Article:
Designed by Thomas Verity in 1881, we were built from first brick to opening night in six months. Under our original name of the Royal Comedy Theatre, the curtain rose on our first production, The Mascotte, on October 15th 1881. The ‘Royal’ was dropped from the title in 1884 and we remained the Comedy Theatre for the next 127 years.
Since the opening, the interior of the theatre has changed very little and the auditorium retains the original architectural horse-shoe shape of 1881, set over four levels.
Our reputation grew as a house of dramatic operetta and classic drama. Marie Tempest made her debut in Boccaccio in 1885. Sir Herbert Beerbohm-Tree began his career in management here in 1887. Lottie Venne, W.S.Penley, Frank Benson, Lionel Brough, Violet Cameron, Charles Brookfield, Fred Terry, Ellaline Terriss and H.B.Irving became season regulars, amongst many, to be joined on stage and in management by Nina and Dion Boucicault, Cyril Maude and Charles Hawtrey.
Throughout both World Wars we remained steadfastly open. In 1914 the famous revues of Cochran and Charlot kept the public entertained, and distracted, as did Dougie Byng, Winifred Shotter and the two Hermione’s – Gingold and Baddeley, two decades later. 1925 gave us The Vortex with Noel Coward and Lilian Braithwaite, and Coward’s playing understudy was John Gielgud; returning to the theatre two years after his West End debut, at the age of 19, in Charley’s Aunt. The 1930’s brought us the Green Room Rags and a host of notable names including Basil Radford, Ann Todd, Rex Harrison, Jack Hawkins, Ronald Ward, Jill Esmond and Laurence Olivier.
In 1956 the New Watergate Club began, establishing a private membership club that could be joined annually for a 5shilling subscription. This Club was instrumental in ending the control of the Lord Chamberlain’s Office. The outdated Theatres Act of 1843 still required scripts to be submitted for approval, where language and subject matter, in particular homosexuality, was censored and banned. ‘Club’ conditions were not controlled by the Office, so many works, such as Arthur Miller, could be produced without interference. In 1958 legislation was enacted that lifted, albeit with restrictions, this censorship. However it took a further ten years for the Act to be abolished. In 1960 our production of Look On Tempests became the first play in England performed to a ‘public’ audience.
Our range of works have been far-reaching, plays, melodrama, comedy, revivals, musicals, experimental theatre, Hindu Dance and Shak-speare. We have played host to countless well known faces, Paul Scofield, Judi Dench, Alan Bennett, Stockard Channing, Francesca Annis, Timothy Dalton, Patricia Routledge, Ewan McGregor, Damian Lewis, Kristin Scott Thomas, Anne Reid, Maureen Lipman, David Tennant, Vanessa Redgrave, to name just a few of the 4’000 actors who have graced our marquee.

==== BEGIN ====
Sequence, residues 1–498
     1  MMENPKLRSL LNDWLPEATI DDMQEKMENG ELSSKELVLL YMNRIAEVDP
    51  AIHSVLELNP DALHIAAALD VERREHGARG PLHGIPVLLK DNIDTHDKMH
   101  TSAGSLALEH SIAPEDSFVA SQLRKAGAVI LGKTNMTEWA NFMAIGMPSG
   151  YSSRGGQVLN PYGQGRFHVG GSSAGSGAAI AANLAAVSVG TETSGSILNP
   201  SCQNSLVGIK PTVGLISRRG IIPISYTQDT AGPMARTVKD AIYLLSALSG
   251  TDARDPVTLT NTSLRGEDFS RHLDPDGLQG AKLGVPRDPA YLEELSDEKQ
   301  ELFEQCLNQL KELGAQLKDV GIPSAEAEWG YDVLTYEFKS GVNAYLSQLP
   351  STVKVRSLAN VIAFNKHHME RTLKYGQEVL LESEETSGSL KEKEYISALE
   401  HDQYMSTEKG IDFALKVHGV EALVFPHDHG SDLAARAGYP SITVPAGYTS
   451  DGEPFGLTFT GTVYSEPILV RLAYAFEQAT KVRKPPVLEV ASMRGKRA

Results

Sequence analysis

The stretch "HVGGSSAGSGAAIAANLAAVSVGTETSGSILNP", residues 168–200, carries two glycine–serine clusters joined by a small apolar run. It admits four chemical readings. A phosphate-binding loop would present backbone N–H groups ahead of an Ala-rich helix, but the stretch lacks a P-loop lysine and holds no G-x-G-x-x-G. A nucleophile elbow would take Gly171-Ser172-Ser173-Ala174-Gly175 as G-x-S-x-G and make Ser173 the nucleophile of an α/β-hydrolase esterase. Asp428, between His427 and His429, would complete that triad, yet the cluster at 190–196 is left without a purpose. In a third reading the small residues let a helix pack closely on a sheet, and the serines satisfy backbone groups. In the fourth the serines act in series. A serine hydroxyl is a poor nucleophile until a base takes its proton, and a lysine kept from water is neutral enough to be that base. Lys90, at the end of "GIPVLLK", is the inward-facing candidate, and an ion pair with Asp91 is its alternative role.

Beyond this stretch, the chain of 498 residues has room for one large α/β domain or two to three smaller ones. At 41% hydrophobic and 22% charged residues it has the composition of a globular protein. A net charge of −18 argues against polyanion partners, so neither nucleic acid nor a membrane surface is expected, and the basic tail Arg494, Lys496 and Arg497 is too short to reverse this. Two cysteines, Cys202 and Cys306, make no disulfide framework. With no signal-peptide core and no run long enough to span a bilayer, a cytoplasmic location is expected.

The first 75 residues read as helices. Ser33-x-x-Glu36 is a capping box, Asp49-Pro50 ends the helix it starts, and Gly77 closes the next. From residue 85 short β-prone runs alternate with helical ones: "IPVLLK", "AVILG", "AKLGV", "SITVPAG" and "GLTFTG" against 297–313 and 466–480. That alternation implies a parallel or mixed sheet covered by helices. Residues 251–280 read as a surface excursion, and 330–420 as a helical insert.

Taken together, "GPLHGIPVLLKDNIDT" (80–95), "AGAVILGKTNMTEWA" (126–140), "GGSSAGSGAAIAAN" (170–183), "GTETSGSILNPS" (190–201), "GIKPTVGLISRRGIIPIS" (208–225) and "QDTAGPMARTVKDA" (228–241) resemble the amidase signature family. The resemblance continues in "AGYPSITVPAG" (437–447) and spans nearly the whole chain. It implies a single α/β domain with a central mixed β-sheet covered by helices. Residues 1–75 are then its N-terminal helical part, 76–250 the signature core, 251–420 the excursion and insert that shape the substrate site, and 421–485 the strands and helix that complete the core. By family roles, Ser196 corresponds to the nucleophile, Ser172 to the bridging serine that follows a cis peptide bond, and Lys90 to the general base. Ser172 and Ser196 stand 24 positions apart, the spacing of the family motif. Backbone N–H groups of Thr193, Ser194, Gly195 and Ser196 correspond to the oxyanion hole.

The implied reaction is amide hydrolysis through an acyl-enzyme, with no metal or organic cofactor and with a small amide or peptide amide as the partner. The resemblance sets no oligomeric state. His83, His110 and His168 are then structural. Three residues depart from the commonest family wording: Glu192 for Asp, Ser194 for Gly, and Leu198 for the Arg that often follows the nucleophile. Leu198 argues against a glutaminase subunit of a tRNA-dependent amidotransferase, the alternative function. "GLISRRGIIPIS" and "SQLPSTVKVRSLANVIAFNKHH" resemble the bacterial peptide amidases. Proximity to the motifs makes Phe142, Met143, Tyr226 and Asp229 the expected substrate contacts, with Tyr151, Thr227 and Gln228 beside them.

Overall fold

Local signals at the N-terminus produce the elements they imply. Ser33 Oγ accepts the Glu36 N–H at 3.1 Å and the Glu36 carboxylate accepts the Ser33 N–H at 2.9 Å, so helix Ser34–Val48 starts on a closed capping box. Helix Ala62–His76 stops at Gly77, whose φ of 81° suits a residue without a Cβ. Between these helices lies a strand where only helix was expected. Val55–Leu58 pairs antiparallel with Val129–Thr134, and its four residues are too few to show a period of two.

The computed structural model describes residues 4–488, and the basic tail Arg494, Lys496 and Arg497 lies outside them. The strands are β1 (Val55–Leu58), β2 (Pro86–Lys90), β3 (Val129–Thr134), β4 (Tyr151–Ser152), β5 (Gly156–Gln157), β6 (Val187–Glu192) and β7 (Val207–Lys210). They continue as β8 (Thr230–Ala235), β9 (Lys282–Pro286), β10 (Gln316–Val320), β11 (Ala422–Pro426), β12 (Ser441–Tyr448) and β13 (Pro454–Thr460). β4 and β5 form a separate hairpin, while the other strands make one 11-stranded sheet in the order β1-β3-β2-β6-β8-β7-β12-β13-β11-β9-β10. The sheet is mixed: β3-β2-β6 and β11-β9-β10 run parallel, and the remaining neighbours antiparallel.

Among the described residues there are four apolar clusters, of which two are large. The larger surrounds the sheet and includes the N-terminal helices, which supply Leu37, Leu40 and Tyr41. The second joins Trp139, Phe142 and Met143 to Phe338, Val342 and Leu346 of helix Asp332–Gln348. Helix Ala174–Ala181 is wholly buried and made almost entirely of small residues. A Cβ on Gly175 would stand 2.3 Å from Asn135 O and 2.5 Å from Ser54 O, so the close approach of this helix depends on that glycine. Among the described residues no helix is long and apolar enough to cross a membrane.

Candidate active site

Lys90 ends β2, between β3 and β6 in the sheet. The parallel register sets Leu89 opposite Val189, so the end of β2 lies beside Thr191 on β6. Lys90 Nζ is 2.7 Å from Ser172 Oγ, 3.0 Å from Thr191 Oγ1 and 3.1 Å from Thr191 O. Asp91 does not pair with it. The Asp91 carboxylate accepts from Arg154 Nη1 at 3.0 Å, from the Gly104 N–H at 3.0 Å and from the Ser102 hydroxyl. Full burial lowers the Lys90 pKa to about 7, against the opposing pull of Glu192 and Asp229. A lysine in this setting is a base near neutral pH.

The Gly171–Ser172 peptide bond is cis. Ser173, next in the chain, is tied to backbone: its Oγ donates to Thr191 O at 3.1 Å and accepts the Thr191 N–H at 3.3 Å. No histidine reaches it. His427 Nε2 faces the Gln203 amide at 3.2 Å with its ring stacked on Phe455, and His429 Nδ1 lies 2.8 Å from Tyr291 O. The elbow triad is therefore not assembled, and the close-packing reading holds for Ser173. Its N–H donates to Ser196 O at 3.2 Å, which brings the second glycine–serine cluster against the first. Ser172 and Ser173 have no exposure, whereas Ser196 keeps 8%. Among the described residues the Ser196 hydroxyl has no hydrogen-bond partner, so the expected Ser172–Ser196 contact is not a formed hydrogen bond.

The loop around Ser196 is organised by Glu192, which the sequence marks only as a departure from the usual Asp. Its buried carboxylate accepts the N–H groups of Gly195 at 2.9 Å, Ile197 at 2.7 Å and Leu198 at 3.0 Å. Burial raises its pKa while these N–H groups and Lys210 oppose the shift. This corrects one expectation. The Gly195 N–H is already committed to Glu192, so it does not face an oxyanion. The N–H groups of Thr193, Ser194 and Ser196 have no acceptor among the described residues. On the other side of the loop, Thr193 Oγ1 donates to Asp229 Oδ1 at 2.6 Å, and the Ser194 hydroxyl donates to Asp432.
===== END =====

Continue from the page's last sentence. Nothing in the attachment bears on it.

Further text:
Over the decades we have had numerous ‘debutantes’, West End, London and even Stage debuts – these include Paul Eddington, John Stride, Brian Bedford, Kim Stanley, Peter Hawkins, Tim Seely, Keira Knightly, Barry Andrews, Leigh Lawson, Adam Faith, Britt Ekland, Melvyn Hayes, Jimmy Tarbuck, Laurence Harvey, Richard Harris, Nigel Bruce, Keith Baxter. Maggie Smith made her West End debut in Share My Lettuce on 25th September 1957, and to mark her 80th Birthday we renamed a dressing room “Dame Maggie’s”.
There have been poignant final stage performances too, from Michael Hordern, Alex Guinness and Marie Ure, who passed away only a few hours after her opening night.
The next five decades saw John Gielgud’s return as director on Five Finger Exercise, Joan Littlewood in Uranium 235, Spike Milligan in The Bed Sitting-Room and Son of Oblomov, Robert Stephens in George Dillon, Zoe Wanamaker in The Glass Menagerie, Ralph Richardson in Early Days, our longest running play There’s A Girl in My Soup at 1226 performances, and Harold Pinter - as actor, director and playwright. No history of the Comedy Theatre would be complete without reference to him. The Homecoming, The Caretaker, No Man’s Land, Moonlight, The Hothouse and Betrayal have all been presented over the years.
On the 13th October 2011, the Comedy Theatre became The Harold Pinter Theatre.
If you would care to take a walk around our corridors, you will find a pictorial history - the productions and the Actors that have created our Profession. Should you have a question about any aspect of our history, please ask a member of the front-of-house team, or visit our archivist at Stage Door.